Over the recent years, video camera networks have become ubiquitous and a part of our everyday environments. Such camera networks are deployed in a wide gamut of applications ranging from surveillance, emergency response, disaster recovery, and health care monitoring to name a few. Increased availability of computational resources at declining costs, rapid advancements in communication technologies and robust multimedia algorithms for analyzing and drawing inferences from video and audio has led to the deployment of large-scale camera networks involving thousands of cameras in many mega cities of the world. The explosion of video data has led to a new class of applications devoted to real-time automated analysis of CCTV images to create useful information from its contents. Video Content Analysis also referred to as Intelligent Video Analytics can be used to detect, analyze, track and classify the behaviors of people and other objects of interest such as vehicles and packages.
The ability to recognize, reason and retrieve information about human activity is critical to many applications. Central to such applications is the ability of identify and track people as unobtrusively as possible, i.e., even without their active cooperation. Such scenarios range from small-scale environments (monitoring a differently abled person living alone) to medium-scale environments (monitoring elderly patients in nursing homes) and even large-scale environments (surveillance at airports, malls and other public places).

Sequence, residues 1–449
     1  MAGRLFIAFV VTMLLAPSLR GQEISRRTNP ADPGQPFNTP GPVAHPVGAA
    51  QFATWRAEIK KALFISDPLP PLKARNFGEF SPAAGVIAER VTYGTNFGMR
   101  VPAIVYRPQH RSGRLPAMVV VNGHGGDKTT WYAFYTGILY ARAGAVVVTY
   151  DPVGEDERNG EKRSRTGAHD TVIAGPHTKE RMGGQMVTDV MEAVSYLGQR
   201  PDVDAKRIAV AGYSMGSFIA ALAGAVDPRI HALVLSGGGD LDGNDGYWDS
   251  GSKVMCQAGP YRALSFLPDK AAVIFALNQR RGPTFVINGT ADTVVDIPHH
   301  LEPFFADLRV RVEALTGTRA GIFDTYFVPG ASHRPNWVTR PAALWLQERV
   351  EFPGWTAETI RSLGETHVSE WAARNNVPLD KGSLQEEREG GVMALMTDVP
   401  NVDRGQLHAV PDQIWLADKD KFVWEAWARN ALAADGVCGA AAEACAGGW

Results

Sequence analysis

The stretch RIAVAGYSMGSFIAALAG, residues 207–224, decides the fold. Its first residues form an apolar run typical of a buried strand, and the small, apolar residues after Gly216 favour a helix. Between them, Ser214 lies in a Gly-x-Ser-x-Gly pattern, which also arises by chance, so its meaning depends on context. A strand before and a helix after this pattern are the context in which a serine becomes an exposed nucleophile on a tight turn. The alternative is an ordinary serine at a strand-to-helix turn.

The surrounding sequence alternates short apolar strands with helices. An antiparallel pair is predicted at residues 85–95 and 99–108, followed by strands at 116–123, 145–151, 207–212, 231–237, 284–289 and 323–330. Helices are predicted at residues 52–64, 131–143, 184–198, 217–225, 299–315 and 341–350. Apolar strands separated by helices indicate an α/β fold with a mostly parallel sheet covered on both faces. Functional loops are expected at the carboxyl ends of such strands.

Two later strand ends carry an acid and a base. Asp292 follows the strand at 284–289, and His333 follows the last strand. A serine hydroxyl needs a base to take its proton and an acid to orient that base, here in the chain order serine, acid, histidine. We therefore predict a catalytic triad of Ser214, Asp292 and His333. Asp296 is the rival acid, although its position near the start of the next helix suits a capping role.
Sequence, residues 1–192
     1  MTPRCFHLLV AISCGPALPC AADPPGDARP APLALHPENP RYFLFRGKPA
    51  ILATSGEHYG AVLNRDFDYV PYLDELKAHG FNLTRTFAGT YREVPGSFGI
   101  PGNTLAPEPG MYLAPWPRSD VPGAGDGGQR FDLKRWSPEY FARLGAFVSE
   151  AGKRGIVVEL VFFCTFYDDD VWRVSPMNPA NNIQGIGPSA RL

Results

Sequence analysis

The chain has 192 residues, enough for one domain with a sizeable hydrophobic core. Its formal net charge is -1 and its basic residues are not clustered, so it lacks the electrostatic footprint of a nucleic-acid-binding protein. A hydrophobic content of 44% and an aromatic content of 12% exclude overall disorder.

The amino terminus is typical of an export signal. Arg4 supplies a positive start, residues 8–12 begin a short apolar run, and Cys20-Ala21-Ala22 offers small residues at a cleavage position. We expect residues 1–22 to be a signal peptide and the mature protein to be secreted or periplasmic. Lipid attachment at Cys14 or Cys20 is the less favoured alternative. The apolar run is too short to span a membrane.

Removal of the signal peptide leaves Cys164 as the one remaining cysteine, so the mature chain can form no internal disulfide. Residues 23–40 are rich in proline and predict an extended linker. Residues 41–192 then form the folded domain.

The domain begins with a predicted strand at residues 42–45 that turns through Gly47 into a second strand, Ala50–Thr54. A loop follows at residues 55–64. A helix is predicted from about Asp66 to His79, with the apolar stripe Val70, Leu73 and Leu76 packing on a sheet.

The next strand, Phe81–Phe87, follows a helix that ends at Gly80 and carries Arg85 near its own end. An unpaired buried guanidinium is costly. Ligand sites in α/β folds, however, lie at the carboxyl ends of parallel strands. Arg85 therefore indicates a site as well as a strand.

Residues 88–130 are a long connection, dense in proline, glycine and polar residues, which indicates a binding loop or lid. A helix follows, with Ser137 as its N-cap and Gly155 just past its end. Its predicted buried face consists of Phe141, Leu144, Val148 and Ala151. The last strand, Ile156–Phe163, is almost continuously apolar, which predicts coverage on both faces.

In spite of the many advances in video surveillance arena, the ability of a surveillance system to answer spatio-temporal queries based on the identity of the occupants is limited and mostly requires manual intervention. Transforming the raw feeds from video camera networks into a form that is suitable for information retrieval is a challenging problem, spanning many research areas, including video and audio processing, computer vision, spatio-temporal reasoning, probabilistic databases, and programming abstractions to address scalability of camera networks.
This research proposes to integrate people identification and tracking technologies with spatio-temporal reasoning so as to answer queries about the whereabouts of the occupants of the form ‘Where was X last seen’?, 'What is the probability that Y and Z met in the high-security zone between 6 p.m. and 7 p.m?'. The proposed work has applications in in traffic management and analysis of customer behavior, wide-area surveillance using video cameras, as well as in homeland security-related applications.